The Smithsonian launched their first major crowdfunding campaign to support it’s first-ever exhibition on the yogic art. Crowdfunding is in many ways simply a way of pre-selling an offering. You can gauge interest before bring a product or service to market. You can go direct to the consumer and avoid being handicapped by lack of distribution.
Moving forward I expect we’ll see more campaigns from the likes of museums and other public works organizations like PBS. We’ve already seen crowdfunding used to fund movies. Because special exhibits often have niche but enthusiastic audiences or require altruism crowdfinancing is the perfect fit for museums to not only raise necessary funds but also to determine if planned exhibits or other programs will have the anticipated draw.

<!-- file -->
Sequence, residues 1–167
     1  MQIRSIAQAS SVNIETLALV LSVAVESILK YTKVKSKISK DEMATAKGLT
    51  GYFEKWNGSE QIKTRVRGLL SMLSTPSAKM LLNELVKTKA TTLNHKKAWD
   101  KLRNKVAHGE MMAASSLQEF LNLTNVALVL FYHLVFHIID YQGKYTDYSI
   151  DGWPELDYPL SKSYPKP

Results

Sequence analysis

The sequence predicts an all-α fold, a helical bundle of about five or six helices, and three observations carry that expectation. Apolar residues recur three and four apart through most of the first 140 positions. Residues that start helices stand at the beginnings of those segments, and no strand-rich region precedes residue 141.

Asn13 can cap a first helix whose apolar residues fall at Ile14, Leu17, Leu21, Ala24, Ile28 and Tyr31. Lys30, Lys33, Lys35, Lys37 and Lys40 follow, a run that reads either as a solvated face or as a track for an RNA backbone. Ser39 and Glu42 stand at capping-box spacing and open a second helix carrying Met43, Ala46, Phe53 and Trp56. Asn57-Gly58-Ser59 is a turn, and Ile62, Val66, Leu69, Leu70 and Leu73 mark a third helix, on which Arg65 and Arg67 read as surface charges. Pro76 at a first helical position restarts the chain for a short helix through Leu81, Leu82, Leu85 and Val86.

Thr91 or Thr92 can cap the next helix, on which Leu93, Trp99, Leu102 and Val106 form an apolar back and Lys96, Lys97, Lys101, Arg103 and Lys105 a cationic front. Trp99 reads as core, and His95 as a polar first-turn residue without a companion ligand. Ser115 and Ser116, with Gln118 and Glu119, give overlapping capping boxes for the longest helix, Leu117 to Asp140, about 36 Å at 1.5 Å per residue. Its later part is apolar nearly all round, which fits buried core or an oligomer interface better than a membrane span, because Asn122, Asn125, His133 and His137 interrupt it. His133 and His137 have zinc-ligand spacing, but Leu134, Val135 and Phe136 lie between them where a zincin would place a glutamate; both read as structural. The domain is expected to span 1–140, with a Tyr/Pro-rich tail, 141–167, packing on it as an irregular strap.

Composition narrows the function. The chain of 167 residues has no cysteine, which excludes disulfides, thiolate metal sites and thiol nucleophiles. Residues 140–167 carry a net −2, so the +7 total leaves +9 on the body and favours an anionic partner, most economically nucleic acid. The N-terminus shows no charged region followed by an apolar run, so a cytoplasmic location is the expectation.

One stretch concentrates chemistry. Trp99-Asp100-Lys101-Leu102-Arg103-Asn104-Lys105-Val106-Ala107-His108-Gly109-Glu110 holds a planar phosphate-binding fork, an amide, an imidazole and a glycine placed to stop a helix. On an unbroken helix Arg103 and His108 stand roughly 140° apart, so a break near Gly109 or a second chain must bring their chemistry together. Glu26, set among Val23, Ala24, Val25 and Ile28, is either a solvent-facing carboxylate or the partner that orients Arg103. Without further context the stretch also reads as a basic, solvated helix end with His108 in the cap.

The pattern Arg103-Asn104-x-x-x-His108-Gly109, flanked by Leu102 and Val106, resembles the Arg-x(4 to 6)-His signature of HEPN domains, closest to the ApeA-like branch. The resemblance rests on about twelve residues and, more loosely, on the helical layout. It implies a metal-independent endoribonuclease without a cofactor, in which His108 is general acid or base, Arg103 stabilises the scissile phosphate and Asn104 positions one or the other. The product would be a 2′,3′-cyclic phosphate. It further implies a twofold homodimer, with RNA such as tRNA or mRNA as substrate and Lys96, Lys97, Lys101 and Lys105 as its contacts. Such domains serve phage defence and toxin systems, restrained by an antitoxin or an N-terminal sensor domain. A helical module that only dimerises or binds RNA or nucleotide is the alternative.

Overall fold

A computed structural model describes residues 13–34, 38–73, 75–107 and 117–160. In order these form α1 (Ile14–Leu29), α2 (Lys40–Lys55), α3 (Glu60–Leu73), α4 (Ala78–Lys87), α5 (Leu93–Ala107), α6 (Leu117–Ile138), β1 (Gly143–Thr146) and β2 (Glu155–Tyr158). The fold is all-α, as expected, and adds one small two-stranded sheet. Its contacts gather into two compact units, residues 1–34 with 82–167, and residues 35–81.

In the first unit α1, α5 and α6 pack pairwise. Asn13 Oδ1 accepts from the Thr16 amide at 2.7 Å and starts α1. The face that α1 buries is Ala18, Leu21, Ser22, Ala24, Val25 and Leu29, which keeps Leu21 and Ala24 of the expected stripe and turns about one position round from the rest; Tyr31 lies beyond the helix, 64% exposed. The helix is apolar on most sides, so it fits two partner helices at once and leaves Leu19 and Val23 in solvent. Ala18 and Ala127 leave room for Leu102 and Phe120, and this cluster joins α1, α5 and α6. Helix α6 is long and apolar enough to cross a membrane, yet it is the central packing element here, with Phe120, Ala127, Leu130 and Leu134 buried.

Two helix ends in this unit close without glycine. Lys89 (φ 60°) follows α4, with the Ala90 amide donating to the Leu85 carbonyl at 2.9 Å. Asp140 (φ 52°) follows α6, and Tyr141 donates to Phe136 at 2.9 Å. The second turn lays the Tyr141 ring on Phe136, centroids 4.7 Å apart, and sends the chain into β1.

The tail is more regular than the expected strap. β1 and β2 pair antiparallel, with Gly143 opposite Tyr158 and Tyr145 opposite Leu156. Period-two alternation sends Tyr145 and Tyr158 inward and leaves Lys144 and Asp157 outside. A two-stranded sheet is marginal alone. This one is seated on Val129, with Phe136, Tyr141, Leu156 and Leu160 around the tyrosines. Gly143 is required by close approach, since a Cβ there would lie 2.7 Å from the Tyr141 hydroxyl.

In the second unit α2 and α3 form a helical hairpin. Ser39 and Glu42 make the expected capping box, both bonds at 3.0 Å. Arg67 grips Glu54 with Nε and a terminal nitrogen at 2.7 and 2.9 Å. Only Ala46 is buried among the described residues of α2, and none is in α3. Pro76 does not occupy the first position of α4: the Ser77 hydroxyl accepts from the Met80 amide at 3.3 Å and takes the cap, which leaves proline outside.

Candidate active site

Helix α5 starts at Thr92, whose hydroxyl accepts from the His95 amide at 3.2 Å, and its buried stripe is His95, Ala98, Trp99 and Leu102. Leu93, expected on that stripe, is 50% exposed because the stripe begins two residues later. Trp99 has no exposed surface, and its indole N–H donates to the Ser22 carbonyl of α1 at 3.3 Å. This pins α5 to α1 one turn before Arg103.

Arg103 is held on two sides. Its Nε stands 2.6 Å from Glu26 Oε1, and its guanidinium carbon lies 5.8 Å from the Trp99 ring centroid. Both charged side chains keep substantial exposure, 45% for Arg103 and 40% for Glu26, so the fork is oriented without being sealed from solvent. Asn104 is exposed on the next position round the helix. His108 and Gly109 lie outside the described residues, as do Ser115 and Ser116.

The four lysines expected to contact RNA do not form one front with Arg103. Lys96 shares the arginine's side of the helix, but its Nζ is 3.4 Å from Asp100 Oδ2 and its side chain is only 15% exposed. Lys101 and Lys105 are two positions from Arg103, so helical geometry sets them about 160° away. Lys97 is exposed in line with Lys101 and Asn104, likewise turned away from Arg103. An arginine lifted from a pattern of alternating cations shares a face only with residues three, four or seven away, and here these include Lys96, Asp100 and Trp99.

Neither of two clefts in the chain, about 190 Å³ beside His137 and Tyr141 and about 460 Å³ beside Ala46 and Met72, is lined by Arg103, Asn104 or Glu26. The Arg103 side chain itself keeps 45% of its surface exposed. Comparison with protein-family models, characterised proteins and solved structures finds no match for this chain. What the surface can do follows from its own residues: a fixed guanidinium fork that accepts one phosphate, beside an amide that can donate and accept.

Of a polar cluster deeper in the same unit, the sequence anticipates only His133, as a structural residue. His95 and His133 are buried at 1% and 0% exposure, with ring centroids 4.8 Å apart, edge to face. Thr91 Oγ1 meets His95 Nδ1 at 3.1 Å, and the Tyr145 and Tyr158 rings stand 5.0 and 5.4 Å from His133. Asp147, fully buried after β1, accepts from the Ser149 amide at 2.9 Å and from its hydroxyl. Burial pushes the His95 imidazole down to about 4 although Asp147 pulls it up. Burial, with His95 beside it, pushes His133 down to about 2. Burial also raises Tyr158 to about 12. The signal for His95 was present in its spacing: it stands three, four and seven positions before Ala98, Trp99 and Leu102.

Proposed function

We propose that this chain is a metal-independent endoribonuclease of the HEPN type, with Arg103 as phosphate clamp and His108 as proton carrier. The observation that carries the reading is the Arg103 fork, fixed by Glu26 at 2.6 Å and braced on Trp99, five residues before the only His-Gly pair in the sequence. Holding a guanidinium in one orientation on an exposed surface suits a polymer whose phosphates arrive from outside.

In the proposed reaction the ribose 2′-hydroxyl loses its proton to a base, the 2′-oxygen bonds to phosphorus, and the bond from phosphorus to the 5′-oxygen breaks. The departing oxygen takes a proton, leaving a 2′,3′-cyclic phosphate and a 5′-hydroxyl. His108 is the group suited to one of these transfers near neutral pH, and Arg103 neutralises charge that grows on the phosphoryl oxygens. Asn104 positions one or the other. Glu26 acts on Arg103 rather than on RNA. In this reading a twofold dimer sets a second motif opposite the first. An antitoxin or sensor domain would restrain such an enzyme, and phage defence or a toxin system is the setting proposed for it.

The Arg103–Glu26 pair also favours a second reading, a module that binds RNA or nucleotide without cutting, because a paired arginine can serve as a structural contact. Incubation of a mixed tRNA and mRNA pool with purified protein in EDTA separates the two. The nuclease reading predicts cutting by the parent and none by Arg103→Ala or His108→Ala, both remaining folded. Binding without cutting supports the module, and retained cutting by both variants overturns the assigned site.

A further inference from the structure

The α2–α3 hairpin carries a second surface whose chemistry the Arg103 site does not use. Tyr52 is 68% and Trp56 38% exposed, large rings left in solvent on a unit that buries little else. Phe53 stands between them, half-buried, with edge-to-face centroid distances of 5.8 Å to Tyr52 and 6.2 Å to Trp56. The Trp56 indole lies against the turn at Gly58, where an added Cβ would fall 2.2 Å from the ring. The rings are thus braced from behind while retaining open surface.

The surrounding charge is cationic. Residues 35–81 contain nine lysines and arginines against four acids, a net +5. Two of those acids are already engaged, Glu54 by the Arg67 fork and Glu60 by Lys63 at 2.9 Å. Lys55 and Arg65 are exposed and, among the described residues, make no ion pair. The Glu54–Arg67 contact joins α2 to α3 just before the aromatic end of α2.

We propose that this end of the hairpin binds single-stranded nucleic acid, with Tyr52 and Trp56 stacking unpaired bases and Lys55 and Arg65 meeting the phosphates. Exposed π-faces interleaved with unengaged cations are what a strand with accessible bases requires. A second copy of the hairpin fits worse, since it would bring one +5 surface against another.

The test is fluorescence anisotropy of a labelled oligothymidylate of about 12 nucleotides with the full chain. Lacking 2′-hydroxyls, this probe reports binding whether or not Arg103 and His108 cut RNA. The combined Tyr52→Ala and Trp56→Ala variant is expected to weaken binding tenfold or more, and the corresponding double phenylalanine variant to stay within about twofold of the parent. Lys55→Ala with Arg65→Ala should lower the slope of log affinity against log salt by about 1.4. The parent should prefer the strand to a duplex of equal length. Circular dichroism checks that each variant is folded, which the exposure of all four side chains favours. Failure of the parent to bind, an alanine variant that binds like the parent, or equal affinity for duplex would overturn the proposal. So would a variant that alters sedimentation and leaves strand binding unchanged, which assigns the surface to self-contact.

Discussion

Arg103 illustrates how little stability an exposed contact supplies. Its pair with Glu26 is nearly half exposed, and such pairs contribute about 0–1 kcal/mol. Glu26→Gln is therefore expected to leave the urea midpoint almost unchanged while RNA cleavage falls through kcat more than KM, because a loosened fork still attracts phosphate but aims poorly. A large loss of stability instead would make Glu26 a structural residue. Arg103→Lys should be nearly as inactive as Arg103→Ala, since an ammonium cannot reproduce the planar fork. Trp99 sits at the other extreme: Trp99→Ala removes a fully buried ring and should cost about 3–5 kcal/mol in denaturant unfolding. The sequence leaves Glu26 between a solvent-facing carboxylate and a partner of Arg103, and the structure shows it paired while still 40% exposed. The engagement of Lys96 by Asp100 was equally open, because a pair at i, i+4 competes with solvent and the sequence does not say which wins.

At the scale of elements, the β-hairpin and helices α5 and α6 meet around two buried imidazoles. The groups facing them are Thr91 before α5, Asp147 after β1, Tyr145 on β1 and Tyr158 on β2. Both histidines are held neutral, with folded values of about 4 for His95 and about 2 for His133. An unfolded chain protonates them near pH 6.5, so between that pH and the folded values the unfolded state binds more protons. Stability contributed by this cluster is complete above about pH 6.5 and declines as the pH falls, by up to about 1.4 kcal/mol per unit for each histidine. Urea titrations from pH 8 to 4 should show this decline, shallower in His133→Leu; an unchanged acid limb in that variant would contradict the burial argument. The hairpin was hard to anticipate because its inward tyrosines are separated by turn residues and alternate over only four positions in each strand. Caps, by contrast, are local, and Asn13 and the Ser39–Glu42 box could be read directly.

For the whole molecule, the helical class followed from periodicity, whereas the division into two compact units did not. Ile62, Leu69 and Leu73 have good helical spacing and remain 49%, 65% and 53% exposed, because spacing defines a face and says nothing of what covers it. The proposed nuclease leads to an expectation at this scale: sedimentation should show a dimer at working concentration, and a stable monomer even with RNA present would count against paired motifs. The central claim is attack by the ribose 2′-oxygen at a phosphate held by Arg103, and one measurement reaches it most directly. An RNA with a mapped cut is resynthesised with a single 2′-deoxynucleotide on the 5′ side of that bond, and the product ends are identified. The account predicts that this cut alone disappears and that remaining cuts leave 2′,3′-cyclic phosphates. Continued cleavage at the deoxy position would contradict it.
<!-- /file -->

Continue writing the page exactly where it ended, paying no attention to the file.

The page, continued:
Today most of these are unidirectional – museums create the campaign. But I could also see a future where like-minded consumers join together to raise funds necessary to support programs and exhibits they are interested in – and thereby influencing museums and other organizations. Creation and curation can steadily become bidirectional because crowdfunding can easily facilitate the creation of campaigns from either the producers or the consumers.